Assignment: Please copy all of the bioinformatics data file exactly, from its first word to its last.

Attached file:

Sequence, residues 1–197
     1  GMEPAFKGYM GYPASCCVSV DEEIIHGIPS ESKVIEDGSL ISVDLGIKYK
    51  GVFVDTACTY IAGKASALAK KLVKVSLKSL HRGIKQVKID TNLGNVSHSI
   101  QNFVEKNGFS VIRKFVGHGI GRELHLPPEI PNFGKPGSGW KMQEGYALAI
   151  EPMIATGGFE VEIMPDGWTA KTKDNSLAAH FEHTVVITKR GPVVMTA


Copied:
Sequence, residues 1–197
     1  GMEPAFKGYM GYPASCCVSV DEEIIHGIPS ESKVIEDGSL ISVDLGIKYK
    51  GVFVDTACTY IAGKASALAK KLVKVSLKSL HRGIKQVKID TNLGNVSHSI
   101  QNFVEKNGFS VIRKFVGHGI GRELHLPPEI PNFGKPGSGW KMQEGYALAI
   151  EPMIATGGFE VEIMPDGWTA KTKDNSLAAH FEHTVVITKR GPVVMTA